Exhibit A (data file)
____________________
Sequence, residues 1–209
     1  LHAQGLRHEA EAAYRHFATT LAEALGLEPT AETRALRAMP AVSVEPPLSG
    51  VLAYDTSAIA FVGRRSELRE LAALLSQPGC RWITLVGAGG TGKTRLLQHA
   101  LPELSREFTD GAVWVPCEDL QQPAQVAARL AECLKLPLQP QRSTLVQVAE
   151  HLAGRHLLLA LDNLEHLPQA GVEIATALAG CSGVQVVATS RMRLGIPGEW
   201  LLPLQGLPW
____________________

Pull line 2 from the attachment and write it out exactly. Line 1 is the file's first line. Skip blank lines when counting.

     1  LHAQGLRHEA EAAYRHFATT LAEALGLEPT AETRALRAMP AVSVEPPLSG